Representatives from eight of Canada’s largest pension funds — known as the Maple Eight — participated in the first meeting of the Sustainable Finance Action Council last week.
On June 11, representatives of the Alberta Investment Management Corp., the British Columbia Investment Management Corp., the Caisse de dépôt et placement du Québec, the Canada Pension Plan Investment Board, the Healthcare of Ontario Pension Plan, the Ontario Municipal Employees Retirement System, the Ontario Teachers’ Pension Plan, the Public Sector Pension Investment Board and the University Pension Plan participated in a meeting with senior executives from Canada’s largest banking, asset management and insurance companies.
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The group was joined by Deputy Prime Minister and Minister of Finance Chrystia Freeland and Minister of Environment and Climate Change Jonathan Wilkinson. It was chaired by Kathy Bardswick, the former president and chief investment officer of the Co-operators Group Ltd.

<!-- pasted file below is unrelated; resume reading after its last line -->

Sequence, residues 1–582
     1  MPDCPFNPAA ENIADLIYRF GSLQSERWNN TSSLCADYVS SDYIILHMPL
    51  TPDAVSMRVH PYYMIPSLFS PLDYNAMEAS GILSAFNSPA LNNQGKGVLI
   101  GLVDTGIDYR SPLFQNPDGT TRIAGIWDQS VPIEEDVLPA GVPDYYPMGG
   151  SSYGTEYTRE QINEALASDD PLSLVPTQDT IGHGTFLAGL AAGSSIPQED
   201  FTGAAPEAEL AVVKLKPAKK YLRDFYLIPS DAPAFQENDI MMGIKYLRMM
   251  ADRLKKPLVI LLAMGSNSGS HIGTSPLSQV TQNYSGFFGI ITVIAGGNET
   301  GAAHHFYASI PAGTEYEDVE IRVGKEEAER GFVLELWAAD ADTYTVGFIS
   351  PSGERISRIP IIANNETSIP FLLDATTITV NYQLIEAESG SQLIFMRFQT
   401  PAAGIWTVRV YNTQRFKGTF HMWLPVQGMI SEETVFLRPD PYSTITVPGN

During the meeting, Freeland and Wilkinson both discussed the importance of accelerating the shift toward a low-carbon economy. They also encouraged the members of the SFAC to work together to create a made-in-Canada strategy to expedite the shift. Then, representatives discussed the development of a financial framework that takes climate risks and opportunities into account in both the public and private sectors.
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The creation of a body similar to the SFAC, announced last month, had been recommended by in the 2019 final report of the expert panel on sustainable finance. The report also set out a mandate for the organization to mobilize the private sector, facilitate and assess the progress of public-private working groups focused on carbon reduction and to advise the federal government.
“The private sector is the government’s best source of industry and market insight when formulating finance-oriented sustainability policy and strategy agendas, to ensure that proposed directions are as practical and effective as possible. The private sector will also play a fundamental role in delivering the financing ingenuity and capital flows required to execute Canada’s sustainable growth objectives,” the report’s authors wrote.
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